Cooper does end run around GOP court reduction plan

Posted April 24

Gov. Roy Cooper names Judge John Arrowood to the state Court of Appeals on April 24, 2017.

— Republican legislative efforts to cut the size of the state Court of Appeals took an unexpected hit Monday when Judge Douglas McCullough took early retirement and Gov. Roy Cooper named Judge John Arrowood to take his place.

Lawmakers recently approved legislation that would reduce the Court of Appeals from 15 judges to 12 in the next couple of years as McCullough and two other judges hit the mandatory retirement age. Cooper vetoed that bill Friday, and neither the House nor the Senate has scheduled a vote to override his veto.

McCullough, 71, a Republican who served on the Court of Appeals from 2000 to 2008 and again since 2010, disagreed with lawmakers' attempts to meddle with the court, Cooper said, noting the judge approached his staff over the weekend to discuss stepping down and allowing Cooper the chance to appoint someone to the remaining 20 months of his term before the veto is overridden and the law takes effect.

"He believes strongly in the integrity of the court," Cooper said Monday at a news conference to announce Arrowood's appointment. "I want to commend and thank him for his career and also thank him for resigning today to show this important message to the North Carolina General Assembly, to our courts and to the citizens of this state."

The governor said he hasn't spoken to Judge Robert Hunter and Judge Ann Marie Calabria, the other two judges who will have to retire in the next couple of years because of age, about their intentions. Like McCullough, both are Republicans.

Arrowood, 60, was appointed to the Court of Appeals in 2007 by then-Gov. Mike Easley, becoming the first openly gay appellate judge in North Carolina. He was defeated when he ran for re-election the following year and also lost his campaign to return to the court in 2014. He has been practicing law in Charlotte but resigned from his firm Monday to be sworn in as judge.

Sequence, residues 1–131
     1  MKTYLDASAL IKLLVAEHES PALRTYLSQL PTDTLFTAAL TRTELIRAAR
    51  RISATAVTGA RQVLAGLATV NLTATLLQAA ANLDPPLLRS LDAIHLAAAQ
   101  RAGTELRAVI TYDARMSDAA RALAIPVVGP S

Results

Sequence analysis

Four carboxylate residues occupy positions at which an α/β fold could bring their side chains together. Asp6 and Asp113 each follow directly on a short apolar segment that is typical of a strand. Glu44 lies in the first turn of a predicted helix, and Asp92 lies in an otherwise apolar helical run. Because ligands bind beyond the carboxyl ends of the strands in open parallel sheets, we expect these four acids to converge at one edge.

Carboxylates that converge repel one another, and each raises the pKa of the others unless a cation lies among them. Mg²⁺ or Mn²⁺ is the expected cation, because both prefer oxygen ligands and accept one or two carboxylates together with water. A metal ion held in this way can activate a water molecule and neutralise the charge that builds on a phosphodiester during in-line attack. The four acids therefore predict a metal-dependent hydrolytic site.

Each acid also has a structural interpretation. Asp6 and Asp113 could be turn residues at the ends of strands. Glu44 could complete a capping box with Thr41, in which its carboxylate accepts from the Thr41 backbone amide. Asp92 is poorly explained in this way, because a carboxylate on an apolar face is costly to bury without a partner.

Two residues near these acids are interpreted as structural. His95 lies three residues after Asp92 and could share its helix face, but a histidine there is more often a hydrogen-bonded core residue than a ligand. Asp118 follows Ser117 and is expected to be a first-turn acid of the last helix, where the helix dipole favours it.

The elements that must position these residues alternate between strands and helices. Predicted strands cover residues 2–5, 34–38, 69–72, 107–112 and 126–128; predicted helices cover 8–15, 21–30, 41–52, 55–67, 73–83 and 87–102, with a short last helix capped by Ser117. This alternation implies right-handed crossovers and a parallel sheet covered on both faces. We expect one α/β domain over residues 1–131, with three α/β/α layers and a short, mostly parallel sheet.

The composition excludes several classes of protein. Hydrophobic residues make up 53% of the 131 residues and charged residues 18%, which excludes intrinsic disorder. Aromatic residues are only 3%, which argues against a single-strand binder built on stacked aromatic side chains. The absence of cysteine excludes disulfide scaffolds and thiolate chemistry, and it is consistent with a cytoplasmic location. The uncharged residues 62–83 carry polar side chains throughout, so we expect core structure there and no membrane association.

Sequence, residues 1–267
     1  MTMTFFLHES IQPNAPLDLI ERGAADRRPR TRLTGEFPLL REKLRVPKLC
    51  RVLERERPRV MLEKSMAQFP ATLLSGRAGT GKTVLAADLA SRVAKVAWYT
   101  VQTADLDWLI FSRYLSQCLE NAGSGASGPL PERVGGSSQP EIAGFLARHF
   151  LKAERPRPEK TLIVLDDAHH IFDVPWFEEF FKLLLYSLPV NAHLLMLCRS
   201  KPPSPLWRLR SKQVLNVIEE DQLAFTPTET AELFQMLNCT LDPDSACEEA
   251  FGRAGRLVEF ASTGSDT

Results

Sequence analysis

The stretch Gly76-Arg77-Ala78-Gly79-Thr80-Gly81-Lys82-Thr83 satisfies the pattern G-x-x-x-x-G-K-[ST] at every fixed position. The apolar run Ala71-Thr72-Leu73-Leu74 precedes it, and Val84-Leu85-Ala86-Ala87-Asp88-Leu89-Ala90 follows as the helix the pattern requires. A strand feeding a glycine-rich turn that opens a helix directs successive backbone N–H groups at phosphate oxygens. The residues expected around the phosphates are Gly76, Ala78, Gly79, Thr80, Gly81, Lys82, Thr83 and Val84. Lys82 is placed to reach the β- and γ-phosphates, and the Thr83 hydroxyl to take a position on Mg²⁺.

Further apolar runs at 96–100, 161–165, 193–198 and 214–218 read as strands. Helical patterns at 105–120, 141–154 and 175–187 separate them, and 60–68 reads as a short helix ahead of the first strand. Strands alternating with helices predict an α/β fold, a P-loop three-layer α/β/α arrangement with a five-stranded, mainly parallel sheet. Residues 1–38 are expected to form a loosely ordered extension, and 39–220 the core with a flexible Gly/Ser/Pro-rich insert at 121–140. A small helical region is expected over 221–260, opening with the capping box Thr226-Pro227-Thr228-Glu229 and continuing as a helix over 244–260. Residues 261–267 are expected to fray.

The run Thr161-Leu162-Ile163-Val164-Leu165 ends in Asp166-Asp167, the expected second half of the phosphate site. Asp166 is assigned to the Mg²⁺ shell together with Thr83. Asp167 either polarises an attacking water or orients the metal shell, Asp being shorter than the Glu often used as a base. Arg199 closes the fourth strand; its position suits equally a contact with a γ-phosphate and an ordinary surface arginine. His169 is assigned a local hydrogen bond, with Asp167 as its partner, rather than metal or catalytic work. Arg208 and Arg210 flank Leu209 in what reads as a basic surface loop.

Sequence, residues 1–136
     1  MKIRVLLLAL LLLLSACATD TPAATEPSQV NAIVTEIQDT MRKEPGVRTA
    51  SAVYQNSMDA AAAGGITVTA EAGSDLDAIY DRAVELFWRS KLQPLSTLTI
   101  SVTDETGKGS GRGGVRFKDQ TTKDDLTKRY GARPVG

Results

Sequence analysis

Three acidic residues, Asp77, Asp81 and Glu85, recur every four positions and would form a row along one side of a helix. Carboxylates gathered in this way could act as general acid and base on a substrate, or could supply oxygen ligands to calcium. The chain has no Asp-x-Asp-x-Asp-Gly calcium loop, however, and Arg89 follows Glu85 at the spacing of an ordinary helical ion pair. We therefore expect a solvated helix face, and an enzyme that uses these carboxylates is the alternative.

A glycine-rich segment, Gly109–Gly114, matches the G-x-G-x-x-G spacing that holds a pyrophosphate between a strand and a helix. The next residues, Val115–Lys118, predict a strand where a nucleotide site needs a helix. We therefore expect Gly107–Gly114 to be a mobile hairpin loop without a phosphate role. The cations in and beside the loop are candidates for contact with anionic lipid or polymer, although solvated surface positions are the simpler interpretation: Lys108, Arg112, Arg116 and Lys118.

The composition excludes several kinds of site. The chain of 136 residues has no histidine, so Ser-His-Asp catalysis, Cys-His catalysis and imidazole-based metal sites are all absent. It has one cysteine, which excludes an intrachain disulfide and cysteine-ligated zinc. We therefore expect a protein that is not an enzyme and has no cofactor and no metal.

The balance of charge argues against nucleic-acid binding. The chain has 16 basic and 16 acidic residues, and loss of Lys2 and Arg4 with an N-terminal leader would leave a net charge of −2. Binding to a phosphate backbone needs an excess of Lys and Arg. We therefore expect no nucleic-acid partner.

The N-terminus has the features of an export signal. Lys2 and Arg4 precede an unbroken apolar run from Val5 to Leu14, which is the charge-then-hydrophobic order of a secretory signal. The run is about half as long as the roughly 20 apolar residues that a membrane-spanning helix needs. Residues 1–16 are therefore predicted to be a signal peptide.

"After his nonstop rhetoric about ‘partisan politics having no place on the judges’ bench,’ Gov. Cooper needs to explain why he put his partisan allegiance above the voters by singlehandedly changing the party makeup of the Court of Appeals with a Democrat who was soundly rejected by them in 2014," said Amy Auth, a spokeswoman for Senate President Pro Tem Phil Berger.


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  • Nicolle Leney Apr 27, 4:00 p.m.
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    Seriously??? You realize everything the GA pulled before Cooper was even a day in office?

    They INTENTIONALLY delayed Hurricane Matthew aid so they could announce the "special" session if McCrory lost. They reversed laws made just for McCrory (# of appointees, specific departments added to McCrory’s list). This sudden need for “fairness” would have never happened if McCrory won---the combined elections/ethics board, shrinking the Court of Appeals, yet again messing with the ballot order, reducing the number of political appointees---NONE of it.

    They CONTINUALLY treat the General Statutes like something written with erasable ink that they can change back and forth on a whim. They have made it clear they have complete control over ALL THREE branches of government and the gerrymandering has ensured that. Approx. 50/50 for president and governor but a supermajority in both the House and Senate? Nothing this GA does anymore is legitimate

  • Nicolle Leney Apr 27, 3:14 p.m.
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    This is a REPUBLICAN judge that put the state of NC and the good of his fellow judges above partisan allegiance. As noted in the N&O, " 'I did not want my legacy to be the elimination of a seat and the impairment of a court that I have served on,' McCullough said Monday morning after the announcement." (http://www.newsobserver.com/news/politics-government/politics-columns-blogs/under-the-dome/article146378394.html)

    Reducing the number of judges one by one is going to be a nightmare FOR that court because they hear cases in panels of three. This judge knows that and is trying to at least delay this logistical nightmare that is going to immediately increase the workload on his fellow justices.

  • Tom Marthers Apr 25, 4:00 p.m.
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    How Conveinent is it that Judge took early retirement, and OH, Cooper selected a JUDGE that would pass it, Hmm, sounds fishy to me.

  • Brian Edwards Apr 24, 4:51 p.m.
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    Good to see that members of the judiciary can rise above partisan politics and put the judiciary first. To reduce the court by even one judge would increase the workload of all the other judges at a time when they are already overworked.

  • Alfred Barnes Apr 24, 3:38 p.m.
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    Not my Governor.

  • Alfred Barnes Apr 24, 3:37 p.m.
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    I suppose this legitimizes anything the GOP led legislature might consider in retaliation. Cooper will go down as the worst Gov ever in the state of NC.